NIAID will not move forward with the PAVE 100 HIV Vaccine Trial

July 17, 2008,

After soliciting and considering broad input from the scientific and HIV advocacy communities, the National Institute of Allergy and Infectious Diseases (NIAID), part of the National Institutes of Health (NIH), has determined that it will not conduct the HIV vaccine study known as PAVE 100.

However, NIAID believes the vaccine developed by its Vaccine Research Center (VRC) is scientifically intriguing and sufficiently different from previously tested HIV vaccines to consider testing it in a smaller, more focused clinical study. Therefore, NIAID will entertain a proposal for an alternative study with one specific goal: to determine if the vaccine regimen significantly lowers viral load—the amount of HIV in the blood of vaccinated individuals who may later become infected with HIV.

The original PAVE 100 study, as presented to NIAID's AIDS Research Advisory Committee in January 2007, proposed to test the VRC's HIV vaccine regimen in a trial initially designed to enroll 8,500 volunteers in the United States, South America, the Caribbean and Eastern and Southern Africa. The study was to begin U.S. recruitment in October 2007 but was postponed last fall following the decision to halt immunizations in the STEP HIV vaccine study. That decision was made after it was determined that the vaccine used in the STEP trial, an investigational product developed by Merck & Co. Inc., failed to prevent HIV infection or reduce viral load.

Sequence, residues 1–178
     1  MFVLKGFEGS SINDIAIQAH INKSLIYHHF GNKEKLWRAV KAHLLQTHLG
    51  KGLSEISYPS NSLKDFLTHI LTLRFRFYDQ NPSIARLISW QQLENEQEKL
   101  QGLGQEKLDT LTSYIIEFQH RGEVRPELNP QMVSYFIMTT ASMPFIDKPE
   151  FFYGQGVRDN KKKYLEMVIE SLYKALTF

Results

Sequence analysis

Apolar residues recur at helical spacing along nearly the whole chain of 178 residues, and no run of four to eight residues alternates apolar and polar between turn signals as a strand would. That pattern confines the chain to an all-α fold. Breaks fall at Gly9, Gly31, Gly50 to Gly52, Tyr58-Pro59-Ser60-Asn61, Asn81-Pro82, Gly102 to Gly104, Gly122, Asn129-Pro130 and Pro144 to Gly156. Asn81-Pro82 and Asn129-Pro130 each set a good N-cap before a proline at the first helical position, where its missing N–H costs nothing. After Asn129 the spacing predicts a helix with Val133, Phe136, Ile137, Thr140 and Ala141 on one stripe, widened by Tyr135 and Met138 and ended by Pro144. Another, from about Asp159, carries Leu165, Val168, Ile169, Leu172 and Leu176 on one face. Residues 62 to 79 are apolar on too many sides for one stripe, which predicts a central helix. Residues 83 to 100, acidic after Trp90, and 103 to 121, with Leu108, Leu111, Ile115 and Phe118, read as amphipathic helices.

Subsequent analyses of the STEP trial found increased numbers of HIV infections among those volunteers who received the vaccine in comparison to those who received the placebo; the Merck vaccine itself did not cause HIV infection. The highest risk of HIV infection among vaccinees compared with placebo recipients appeared to be among males who were both uncircumcised and had pre-existing neutralizing antibodies to adenovirus type 5 (Ad5), the common cold virus used in the vaccine as a carrier for the HIV genes. Vaccination resulted in no apparent increased risk in men who were circumcised and who lacked pre-existing neutralizing antibodies to Ad5. The VRC vaccine regimen that was to be tested in the PAVE 100 study has two components, one of which includes an Ad5-based carrier, which is administered to boost immune responses that are first stimulated with a DNA vaccine.

Based on the analyses of the STEP study results, PAVE 100 was redesigned and reduced somewhat in its proposed scope, although it remained a scientifically and logistically complex study. The redesigned PAVE 100 study would have involved testing the VRC vaccine in 2,400 U.S.-based, circumcised men who have sex with men and who lack preexisting neutralizing antibodies to Ad5. The redesigned study would have tested the vaccine's effect on viral load, provided additional safety information about the product, and examined in detail immune responses to the vaccine and their impact on viral load.

Based on the available scientific information, NIAID has decided that the VRC vaccine regimen did not warrant a trial of this size and scope and that PAVE 100 will not proceed. However, NIAID will entertain a smaller, more focused clinical trial designed to answer one important question: Does the product have a significant effect on HIV viral load? If such an effect is noted, then additional studies or expansion of the study to carefully examine immunological correlates could be performed. NIAID will consider such an alternative study and will announce its decision at a later time.

Source: National Institute of Allergy and Infectious Diseases

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